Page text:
Analytics in Big Data is becoming increasingly sophisticated, according to speakers at the recent European Society of Cardiology congress in Rome. Advancing from a’ rear-mirror’ view, Big Data’s next stage will be predictive, using real-time data. The payback will be with prescriptive applications, moving towards personalised healthcare, population health risk models, optimising care systems, using natural language, machine learning and cognitive computing.
There were conflicting opinions on data quality. Harry Hemingway, University College London, said that data quality on this scale is not an issue. Multiple sources can be used. For example, if electronic health data includes mistakes and undiagnosed diseases, biobanks may enable subclinical measures of disease to validate diagnosis. John Rumsfeld, American College of Cardiology & University of Colorado, noted that preliminary studies using big data have shown that the higher the quality of data, the better the performance.
Big Data applications in health care include:
- prediction of risk and resource use, ie readmission and costs of care
- population management - monitoring, case finding, might be able to detect eg who would develop diabetes and heart failure, even earlier
- drug and medical device surveillance - better job at detecting safety signals
- disease and treatment heterogeneity - fascinating application, phenomapping, subgroups
- precision medicine and decision support - ‘-omics’; dec support, prescriptive, specific drug for specific patient
- quality of care and performance measurement - casemix, real time
- public health - health behaviours
- research applications - methods, validation - still much to be done on better methods and approaches cannot understate validation
Dr. Rumsfeld pointed out the literature on Big Data in healthcare is preliminary; there is not a large amount on Big Data analytics in cardiology. Analytics will not tell doctors how to intervene, and Big Data is not needed to tell us that older sicker patients will visit the emergency department again. Big Data solutions are not yet connected to care, and without considering social uses and clinical practice, it will fail to cure the health system. Big Data is already used by the Veterans Administration in the U.S. to predict risk or readmission. The information is fed back to primary care providers so they can intervene with those patients.
Rahul Potluri, founder of the Algorithm for Comorbidites, Associations, Length of Stay and Mortality (ACALM) study unit, University of Aston, UK, discussed Big Data analytics for population analysis.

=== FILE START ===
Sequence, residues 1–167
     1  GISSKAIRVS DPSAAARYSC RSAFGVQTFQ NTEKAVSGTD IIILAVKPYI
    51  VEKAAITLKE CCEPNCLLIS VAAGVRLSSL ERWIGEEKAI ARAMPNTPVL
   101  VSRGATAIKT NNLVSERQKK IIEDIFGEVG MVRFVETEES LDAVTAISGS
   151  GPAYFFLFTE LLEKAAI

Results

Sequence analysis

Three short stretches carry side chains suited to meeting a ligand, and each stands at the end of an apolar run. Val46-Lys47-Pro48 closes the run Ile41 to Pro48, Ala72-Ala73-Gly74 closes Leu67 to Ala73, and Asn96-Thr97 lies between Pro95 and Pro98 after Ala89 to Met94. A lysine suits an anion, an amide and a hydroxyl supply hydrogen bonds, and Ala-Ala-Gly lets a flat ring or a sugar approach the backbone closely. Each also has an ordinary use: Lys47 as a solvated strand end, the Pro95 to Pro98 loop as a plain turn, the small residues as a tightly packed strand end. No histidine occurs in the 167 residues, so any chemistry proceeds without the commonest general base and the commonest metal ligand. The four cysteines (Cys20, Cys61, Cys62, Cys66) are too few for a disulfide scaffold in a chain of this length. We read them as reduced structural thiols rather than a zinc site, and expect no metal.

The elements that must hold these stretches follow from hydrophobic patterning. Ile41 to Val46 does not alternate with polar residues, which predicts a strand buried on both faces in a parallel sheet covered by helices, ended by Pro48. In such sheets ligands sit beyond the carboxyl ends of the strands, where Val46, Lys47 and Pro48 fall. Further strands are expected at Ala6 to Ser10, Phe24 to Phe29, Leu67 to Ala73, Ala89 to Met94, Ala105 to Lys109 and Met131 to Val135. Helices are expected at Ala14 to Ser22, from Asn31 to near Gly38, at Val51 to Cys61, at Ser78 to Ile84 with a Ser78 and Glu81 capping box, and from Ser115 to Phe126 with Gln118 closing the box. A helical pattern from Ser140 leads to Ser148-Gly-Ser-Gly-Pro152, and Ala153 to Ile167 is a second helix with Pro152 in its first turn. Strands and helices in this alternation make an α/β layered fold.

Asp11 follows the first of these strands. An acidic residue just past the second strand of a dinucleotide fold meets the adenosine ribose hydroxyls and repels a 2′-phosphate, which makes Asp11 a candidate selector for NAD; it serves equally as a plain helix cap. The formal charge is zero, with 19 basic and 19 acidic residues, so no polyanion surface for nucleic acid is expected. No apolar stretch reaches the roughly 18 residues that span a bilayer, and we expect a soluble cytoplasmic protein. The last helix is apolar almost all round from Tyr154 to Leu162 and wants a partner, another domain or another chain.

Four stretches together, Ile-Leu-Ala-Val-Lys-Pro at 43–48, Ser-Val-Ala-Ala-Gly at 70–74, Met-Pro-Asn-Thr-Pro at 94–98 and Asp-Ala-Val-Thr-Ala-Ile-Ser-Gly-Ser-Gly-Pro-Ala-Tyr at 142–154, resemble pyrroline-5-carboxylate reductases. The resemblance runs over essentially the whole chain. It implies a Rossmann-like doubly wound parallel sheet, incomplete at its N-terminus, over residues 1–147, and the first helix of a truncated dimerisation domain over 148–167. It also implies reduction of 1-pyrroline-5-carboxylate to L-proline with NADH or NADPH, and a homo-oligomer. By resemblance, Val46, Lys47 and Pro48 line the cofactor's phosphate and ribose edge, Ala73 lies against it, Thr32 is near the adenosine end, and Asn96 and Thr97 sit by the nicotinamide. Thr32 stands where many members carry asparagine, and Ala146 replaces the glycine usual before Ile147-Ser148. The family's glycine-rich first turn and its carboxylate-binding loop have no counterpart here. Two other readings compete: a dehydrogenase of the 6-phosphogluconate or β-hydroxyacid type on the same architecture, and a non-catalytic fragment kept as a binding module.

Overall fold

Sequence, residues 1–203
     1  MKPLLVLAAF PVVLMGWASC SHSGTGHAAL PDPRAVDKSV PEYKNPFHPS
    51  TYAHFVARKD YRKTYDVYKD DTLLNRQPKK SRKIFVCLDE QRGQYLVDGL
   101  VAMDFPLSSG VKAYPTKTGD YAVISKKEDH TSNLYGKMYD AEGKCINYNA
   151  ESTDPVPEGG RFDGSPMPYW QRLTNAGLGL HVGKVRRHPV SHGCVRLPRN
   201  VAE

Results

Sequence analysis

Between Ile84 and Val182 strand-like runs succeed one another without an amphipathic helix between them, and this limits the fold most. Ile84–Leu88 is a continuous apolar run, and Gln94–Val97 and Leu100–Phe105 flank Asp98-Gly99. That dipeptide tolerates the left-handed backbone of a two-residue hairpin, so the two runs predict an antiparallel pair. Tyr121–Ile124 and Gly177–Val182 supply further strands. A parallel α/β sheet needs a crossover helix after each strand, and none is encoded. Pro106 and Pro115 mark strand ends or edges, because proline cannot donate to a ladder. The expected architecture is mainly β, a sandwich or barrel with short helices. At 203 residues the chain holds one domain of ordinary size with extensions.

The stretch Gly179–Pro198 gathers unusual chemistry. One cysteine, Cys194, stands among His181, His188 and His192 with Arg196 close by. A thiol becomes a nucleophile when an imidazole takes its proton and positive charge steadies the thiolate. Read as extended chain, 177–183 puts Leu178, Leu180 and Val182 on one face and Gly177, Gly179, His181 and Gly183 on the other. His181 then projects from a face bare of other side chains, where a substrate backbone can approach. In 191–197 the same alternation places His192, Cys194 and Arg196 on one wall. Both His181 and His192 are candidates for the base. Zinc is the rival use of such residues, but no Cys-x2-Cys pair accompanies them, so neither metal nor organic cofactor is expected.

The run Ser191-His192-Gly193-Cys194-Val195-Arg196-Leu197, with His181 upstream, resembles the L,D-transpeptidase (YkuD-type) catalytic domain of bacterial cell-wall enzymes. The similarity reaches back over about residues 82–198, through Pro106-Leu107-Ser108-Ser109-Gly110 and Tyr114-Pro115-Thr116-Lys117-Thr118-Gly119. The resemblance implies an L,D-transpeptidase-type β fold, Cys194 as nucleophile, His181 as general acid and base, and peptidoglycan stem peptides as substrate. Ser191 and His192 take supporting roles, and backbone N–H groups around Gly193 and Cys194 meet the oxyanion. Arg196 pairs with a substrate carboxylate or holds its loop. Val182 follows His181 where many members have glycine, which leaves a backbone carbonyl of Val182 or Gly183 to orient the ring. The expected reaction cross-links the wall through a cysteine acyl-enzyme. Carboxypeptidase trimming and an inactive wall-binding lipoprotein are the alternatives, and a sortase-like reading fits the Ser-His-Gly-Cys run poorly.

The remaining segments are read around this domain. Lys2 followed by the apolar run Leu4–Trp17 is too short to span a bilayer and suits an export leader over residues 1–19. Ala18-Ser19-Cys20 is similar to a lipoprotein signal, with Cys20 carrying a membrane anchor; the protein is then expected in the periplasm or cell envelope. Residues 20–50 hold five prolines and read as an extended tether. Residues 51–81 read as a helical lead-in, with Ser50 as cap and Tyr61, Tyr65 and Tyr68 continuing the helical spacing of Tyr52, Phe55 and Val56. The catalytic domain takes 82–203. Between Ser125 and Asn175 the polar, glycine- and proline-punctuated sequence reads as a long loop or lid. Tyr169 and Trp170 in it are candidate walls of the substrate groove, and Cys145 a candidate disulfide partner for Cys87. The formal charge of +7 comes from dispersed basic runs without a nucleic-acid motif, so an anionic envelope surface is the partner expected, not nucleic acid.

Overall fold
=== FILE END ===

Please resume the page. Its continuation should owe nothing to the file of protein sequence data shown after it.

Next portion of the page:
Big Data will have useful analytics for cardiology, he suggested. In cardiology clinical trials are expensive, are subject to increasing regulation, and advancement is disappointing. Less expensive, registry-based clinical trials are being implemented that have less significant endpoints and shorter follow-up periods to lower the cost. Often trials are not giving real data due to exclusion criteria, he noted. There is already Big Data from registries so why bother with more? Because routinely collected healthcare data on large populations make existing cardiology datasets pale into insignificance, provided that the data can be used, developed and applied.
The ACALM project is a fully functional, cross-sectional and/or longitudinal research databases with real-life outcomes. Data is available from completely anonymous routinely available healthcare information on 1.2 million patients, increasing to 4 million. The data is used to work on health service research. They found, for example, that heart attack victims are more likely to die if admitted to hospital at the weekend, that they have 14% better survival if married, and have better outcomes if sent home at the weekend.
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Amalgamated datasets such as ACALM can potentially answer questions that would not be answered otherwise. They have the power of millions of patients, and offer defined time periods, follow up, real world data and real world patients, said Potluri. Currently it is usual to perform literature reviews and to develop and test hypotheses with carefully planned studies. Big Data offers the opportunity to analyse data when the research question is not known. It may suggest information which we would not think plausible with our existing knowledge.
Already large datasets generated in routine clinical settings, such as ACALM, can be mined using sophisticated algorithms to accurately predict the onset of septic shock, optimise patient-specific anticoagulation regimes, and assess the prospective risk of myocardial infarction.
Potluri emphasised: “Machine learning offers an opportunity to identify concepts rather than correlations in clinical data, thus promising to become an invaluable tool for data-aided decision making.”
Potluri did acknowledge the limitations of Big Data: data collection of quality, practicality of resourcing and running large datasets and on-uniform data. There are significant cost advantages of using routinely collected data, he said. “Power of the data versus the accuracy will be an important debate going forward”, he said.
“Big Data analytics will delineate a paradigm shift in cardiovascular medicine”, concluded Potluri. Big Data has the potential to enhance understanding of disease and outcomes, improve clinical care by predicting patient outcomes, generated ideas which can be complemented by basic science research, predict disease patterns and interactions, and streamline healthcare services and allow appropiate allocation of resources to where they are required.
Dr. Rumsfeld agreed that cardiology can lead the way in Big Data. It is already a world leader in having large registry programmes, he noted. In the future there will be more biometric and patient-reported data.
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